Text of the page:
59 4- Society of Faculties of Pharmacy, which is hosted by the Faculty of Pharmacy at the University of Damascus, Syria. 5- Society of Faculties of Arts, which is hosted by the Faculty of Arts at Yarmuk University,Jordan. 6- Society of Faculties of Tourism and Hotel Management, which is hosted by the Faculty of Tourism and Hotel Management at the Suez Canal University, Egypt. 7-Society of Faculties of Engineering, which is hosted by the Faculty of Engineering at Baghdad University, Iraq.

60 8- Society of Faculties of Dentistry, which is hosted by the Faculty of Dentistry at Saint Joseph University, Lebanon. 9- Society of Faculties of Education, which is hosted by the Faculty of Education at Damascus University, Syria. 10-Society of Faculties of Fine Arts, which is hosted by the Faculty of Fine Arts at Lebanese University, Lebanon. 11-Society of Faculties of Business Administration and Commerce, which is hosted by the Faculty of Business Administration and Commerce at Saint-Esprit University, Lebanon.

61 12-Society of Faculties of Agriculture, which is hosted by the Faculty of Agriculture at Khartoum University, Sudan. 13-Society of Faculties of Science, which is hosted by the Faculty of Science at Bahrain University, Bahrain. 14-Society of Faculties of Nursing, which is hosted by the Faculty of Nursing at Al-Zaytoonah Jordanian Private University, Jordan. 15-Society of Faculties of Shari'a, which is hosted by the Faculty of Shari'a at Algeria University, Algeria. 16-Society of Faculties of Computers and Informatics, which is hosted by the Faculty of Computers and Informatics at Zarqa Private University, Jordan.

62 17-Society of Faculties of Law, which is hosted by the Faculty of Law at Cairo University, Egypt. 18-Society of Faculties of Physiotherapy, which is hosted by the Faculty of Physiotherapy at Saint-Joseph University, Lebanon. 19-Society of Faculties of Mass Media, which is hosted by the Faculty of Mass Communication at Cairo University, Egypt.

63 20-Society of Faculties of Languages, which is hosted by the Faculty of Arts and Humanities at Albaath University, Syria. 21-Society of Faculties of Social Work, which is hosted by Faculty of Education and Social Work at the Modern University of Business and Science (MUBS), Lebanon.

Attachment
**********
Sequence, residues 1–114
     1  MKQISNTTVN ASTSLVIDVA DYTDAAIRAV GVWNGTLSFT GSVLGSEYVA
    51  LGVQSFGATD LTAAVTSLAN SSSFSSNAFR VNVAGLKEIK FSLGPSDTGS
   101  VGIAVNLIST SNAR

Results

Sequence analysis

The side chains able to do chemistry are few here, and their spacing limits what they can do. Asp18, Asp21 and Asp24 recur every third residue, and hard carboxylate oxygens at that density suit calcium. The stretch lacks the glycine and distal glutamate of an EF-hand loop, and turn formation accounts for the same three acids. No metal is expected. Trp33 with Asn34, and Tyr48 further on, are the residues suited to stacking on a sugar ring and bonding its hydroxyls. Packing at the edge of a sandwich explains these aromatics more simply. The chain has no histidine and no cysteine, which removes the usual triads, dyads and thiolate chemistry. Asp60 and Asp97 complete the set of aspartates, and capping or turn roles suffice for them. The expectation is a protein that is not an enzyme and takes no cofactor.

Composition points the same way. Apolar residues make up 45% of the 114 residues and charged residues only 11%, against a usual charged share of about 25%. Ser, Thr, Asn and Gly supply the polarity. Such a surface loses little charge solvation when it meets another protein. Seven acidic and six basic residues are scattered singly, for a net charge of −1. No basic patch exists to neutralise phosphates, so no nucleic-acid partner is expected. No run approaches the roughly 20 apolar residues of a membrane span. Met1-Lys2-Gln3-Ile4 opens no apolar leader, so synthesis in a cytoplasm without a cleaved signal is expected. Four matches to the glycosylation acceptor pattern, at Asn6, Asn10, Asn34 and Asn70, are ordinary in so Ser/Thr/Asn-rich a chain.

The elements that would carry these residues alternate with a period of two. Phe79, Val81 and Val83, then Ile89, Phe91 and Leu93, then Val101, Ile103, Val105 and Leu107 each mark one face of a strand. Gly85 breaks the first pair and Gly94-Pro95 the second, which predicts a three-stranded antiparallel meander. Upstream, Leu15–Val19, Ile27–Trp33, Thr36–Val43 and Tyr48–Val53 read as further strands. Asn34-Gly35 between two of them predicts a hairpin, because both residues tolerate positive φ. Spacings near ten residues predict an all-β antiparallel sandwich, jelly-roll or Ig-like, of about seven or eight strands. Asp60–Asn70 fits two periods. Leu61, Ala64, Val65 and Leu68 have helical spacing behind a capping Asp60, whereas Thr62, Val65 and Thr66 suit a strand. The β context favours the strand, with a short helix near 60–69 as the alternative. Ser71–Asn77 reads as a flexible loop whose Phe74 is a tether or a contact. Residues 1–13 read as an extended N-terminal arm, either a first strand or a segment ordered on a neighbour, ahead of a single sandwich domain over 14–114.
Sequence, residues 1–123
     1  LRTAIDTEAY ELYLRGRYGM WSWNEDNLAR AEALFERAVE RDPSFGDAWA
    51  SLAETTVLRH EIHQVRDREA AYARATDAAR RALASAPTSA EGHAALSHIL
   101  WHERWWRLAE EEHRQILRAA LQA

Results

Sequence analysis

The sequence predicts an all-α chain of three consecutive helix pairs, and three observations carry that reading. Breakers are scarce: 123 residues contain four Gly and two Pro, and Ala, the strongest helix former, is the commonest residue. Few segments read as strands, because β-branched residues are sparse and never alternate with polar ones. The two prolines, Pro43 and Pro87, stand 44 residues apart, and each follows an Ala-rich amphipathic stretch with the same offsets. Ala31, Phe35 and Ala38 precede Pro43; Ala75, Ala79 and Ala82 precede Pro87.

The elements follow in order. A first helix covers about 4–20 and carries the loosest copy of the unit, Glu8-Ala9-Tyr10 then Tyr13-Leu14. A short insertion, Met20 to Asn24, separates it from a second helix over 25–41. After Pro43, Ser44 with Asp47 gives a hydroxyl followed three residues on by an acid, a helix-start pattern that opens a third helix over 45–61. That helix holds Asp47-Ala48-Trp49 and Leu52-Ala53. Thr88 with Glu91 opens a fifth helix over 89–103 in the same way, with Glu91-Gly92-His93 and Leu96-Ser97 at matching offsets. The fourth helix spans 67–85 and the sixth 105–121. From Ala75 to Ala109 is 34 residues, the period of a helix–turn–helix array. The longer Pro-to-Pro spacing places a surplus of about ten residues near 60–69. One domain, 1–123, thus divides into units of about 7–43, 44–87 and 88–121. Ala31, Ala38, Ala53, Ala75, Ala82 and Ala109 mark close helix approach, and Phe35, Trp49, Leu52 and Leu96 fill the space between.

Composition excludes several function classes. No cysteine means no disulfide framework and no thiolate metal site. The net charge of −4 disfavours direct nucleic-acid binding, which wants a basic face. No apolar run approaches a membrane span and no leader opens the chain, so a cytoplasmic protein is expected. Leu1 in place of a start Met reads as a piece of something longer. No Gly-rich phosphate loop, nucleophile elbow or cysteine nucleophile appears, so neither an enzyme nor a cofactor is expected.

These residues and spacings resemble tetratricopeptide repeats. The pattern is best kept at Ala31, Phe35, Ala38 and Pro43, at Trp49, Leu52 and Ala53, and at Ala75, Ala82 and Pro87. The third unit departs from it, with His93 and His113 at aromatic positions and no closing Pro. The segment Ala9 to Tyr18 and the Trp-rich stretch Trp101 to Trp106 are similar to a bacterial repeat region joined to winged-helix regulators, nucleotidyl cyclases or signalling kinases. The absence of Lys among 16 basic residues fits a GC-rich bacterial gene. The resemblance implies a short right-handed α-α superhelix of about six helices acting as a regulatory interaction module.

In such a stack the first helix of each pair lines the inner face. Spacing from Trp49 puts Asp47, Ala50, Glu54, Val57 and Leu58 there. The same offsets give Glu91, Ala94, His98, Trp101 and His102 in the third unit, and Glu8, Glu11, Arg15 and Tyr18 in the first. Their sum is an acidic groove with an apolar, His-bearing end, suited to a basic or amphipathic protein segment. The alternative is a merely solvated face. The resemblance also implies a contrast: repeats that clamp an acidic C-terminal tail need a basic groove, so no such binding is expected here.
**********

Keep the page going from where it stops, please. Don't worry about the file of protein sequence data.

64 22-Society of Faculties of Music , which is hosted by Faculty of Music at the Holy Spirit University , Lebanon.

65 AArU also contribute in various EU – Erasmus Mundus projects, such as:
Al FIHRI programme ( ) which proposes a coherent promotion strategy of the EU Higher Education and international training, involving 11 universities from North Africa and European partners. The program aims at contributing to development of human resources and international cooperation capacity of Higher education institutions by putting forward a mobility scheme of 203 people.

66 Program for Excellence Academic Cooperation Exchange PEACE (EU/Jordan, Syria, Lebanon and Palestine- ( ).The objective of the program is to stimulate exchanges, contacts and transfer of know-how in order to provide valuable input for improving socioeconomic situation, to achieve greater equality, transparency and employability, to improve skills and qualification of institutions and individuals in number of areas of specific interest and to enhance bilateral relations . The program

67 Project on “Development of a Higher Education and Research Area between Europe and the Middle EaSt HERMES” ( ). The project is coordinated by Aix-Marseille University/Tethys Network and consists of 20 partner universities - 11 from the Middle East (Jordan, Lebanon, Syria, and Palestine) and 9 from the EU).The objectives are to develop higher education teaching and learning capacity through the transfer of know-how and knowledge; to improve the employability of the individuals by giving them the appropriate skills as regards to the labour market and an international experience in the context of globalization;

68 To better integrate Middle East universities within the European Higher Education and Research Area and to contribute to the harmonization of HE curricula and diplomas in accordance with the Bologna process. The project’s objectives will be achieved through the mobility activities which concern undergraduate, master, doctoral and post-doctoral students as well as academic and administrative staff.

69 AArU signed partnership with many tempus projects such as: